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Physical Features: Rich alluvial soils along Rio Grande; sandy, loam soils in north; semitropical vegetation; Anzalduas Channel Dam, Delta Lake, Valley Acres Reservoir.
Economy: Food processing and shipping, other agribusinesses, tourism, mineral operations.
History: Coahuiltecan and Karankawa area. Comanches forced Apaches southward into valley in the 1700s; Comanches arrived in valley in the 1800s. Spanish settlement occurred 1750-1800. County created in 1852 from Cameron and Starr counties, organized the same year; named for leader of Mexico’s independence movement of 1810, Father Miguel Hidalgo y Costillo.
Race/Ethnicity: (In percent) Anglo, 7.73; Black, 0.43; Hispanic, 90.68; Asian, 0.95; Other, 0.23.
Vital Statistics, annual: Births, 16,398; deaths, 3,642; marriages, 4,685; divorces, 19.
Recreation: Winter resort, retirement area; fishing, hunting; gateway to Mexico; historical sites; Bentsen-Rio Grande Valley State Park; museums; All-Valley Winter Vegetable Show at Pharr.
Minerals: Oil, gas, stone, sand and gravel.
Agriculture: Ninety percent of farm cash receipts from crops (ranked first in state), principally from sugar cane (first in acreage), grain, vegetables (first in acreage), citrus, cotton; livestock includes cattle; 270,000 acres irrigated. Market value $314.3 million.
EDINBURG (77,100) county seat; vegetable processing and packing, petroleum operations, tourism, clothing; planetarium; the University of Texas-Pan American; hospitals; behavioral, health center; museum; Texas Cook’em High Steaks July 4 weekend, Fiesta Edinburg in February.
McALLEN (129,877) government/services; food processing and shipping, varied manufacturing, tourism; community college; hospitals; Palmfest in October.
Mission (77,058) citrus groves, agricultural processing and distribution; hospital; community college; international butterfly park; Citrus Fiesta in January.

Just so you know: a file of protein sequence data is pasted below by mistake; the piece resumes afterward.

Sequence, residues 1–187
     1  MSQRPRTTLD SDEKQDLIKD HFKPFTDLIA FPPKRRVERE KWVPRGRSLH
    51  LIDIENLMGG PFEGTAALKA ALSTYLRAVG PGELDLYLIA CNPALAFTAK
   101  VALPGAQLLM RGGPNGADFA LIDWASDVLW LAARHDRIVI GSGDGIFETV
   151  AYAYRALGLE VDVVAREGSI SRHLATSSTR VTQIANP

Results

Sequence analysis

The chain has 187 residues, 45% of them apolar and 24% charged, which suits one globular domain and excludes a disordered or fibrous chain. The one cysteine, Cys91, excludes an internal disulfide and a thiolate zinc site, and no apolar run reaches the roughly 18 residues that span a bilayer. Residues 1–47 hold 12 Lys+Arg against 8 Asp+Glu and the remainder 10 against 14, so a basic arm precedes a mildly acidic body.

Pharr (70,400) agriculture, trading center; trucking; tourism; old clock, juke box museums; folklife festival in February.
Other towns include: Abram (2,067); Alamo (18,353) live steam museum; Alton (12,341); Doffing (5,091); Donna (15,768) citrus center, varied manufacturing; Edcouch (3,161); Elsa (5,660); Granjeno (293); Hargill (877); Hidalgo (11,198) trade zone, shipping, winter resort, agribusiness, historical sites, library, Borderfest in March; La Blanca (2,488); La Homa (11,985); La Joya (3,985); La Villa (1,957); Los Ebanos (335).
Also, Mercedes (15,570) “boot capital,” citrus, and vegetable center, food processing, tourism, recreation vehicle show in January, Hispanic Fest July 4; Mila Doce (6,222); Monte Alto (1,924); North Alamo (3,235); Nurillo (7,344); Palmhurst (2,607); Palmview (5,460); Palmview South (5,575); Peñitas (4,403); Perezville (5,376); Progreso (5,507); Progreso Lakes (240); San Carlos (3,130); San Juan (33,856) retirement area, trucking, Shrine of Our Lady of San Juan, Spring Fiesta in February; San Manuel-Linn (801); South Alamo (3,361); Sullivan City (4,002); Weslaco (35,670) agriculture, nature tourism, South Texas College, hospital, Dragonfly Days in May.
The approach to Bentsen–Rio Grande Valley State Park near Mission. Photo by Robert Plocheck.